First question in design: who are the users? What are their needs?
Opening page design tips
Design effective menus
Accommodate different levels of technology
Let visitors choose what to download
from BYTE (03/14/01) :
By Lynn Ginsburg and Josef Pusedu, WebTools
Usability is the practice of designing and architecting websites to focus on the user's experience. The International Standards Organization (ISO) official definition, usability is "The effectiveness, efficiency, and satisfaction with which users can achieve tasks in a particular environment of a product. High usability means a system is easy to learn and remember; efficient, visually pleasing and fun to use; and quick to recover from errors."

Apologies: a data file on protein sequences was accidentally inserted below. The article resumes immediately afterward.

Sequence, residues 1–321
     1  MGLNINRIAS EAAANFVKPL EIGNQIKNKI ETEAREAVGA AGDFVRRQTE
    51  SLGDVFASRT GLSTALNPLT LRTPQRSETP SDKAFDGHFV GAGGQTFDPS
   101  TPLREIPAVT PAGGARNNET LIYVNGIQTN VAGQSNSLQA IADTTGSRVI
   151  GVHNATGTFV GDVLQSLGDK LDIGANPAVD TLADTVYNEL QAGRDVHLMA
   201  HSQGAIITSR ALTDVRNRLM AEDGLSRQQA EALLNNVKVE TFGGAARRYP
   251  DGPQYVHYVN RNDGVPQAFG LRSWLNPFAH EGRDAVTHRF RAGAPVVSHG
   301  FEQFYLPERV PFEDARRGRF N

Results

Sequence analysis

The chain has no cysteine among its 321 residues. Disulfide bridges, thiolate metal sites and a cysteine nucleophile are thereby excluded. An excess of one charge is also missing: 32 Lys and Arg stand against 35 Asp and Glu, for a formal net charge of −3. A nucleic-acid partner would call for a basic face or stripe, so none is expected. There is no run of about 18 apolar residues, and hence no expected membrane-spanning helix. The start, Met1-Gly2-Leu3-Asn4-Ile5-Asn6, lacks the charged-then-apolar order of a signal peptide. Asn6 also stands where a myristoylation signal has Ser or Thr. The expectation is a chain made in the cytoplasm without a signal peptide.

Online shops: Online shoppers have
little brand loyalty. So when a user encounters an obstacle on
your site whether that be slow performance, confusing layout, or
dead-end links they're likely to bail straight into the arms of
Zona Research 5/01: about half of purchases were interrupted by the client because of slow site.
Make a formal usability study, with a usability engineer
Process of evaluating your site's usability:
A simple, yet effective way to map out a
site's architecture is using paper mockups:
sticky notes, white boards
Analyze the logic of your site's organization:
Go With The User Flow:
It can also help you to identify and prioritize the most important tasks that a site visitor should be able to accomplish easily (like successfully finding and buying a product) feedback from real live users.
Make a script to test specific usability issues on your site:
users run through the script - users discover problems you may not be able to see because you're too close to your own site.
Different audience types pose different
challenges for usability.
|Created by: Jaana Holvikivi Updated: 5.11.2008|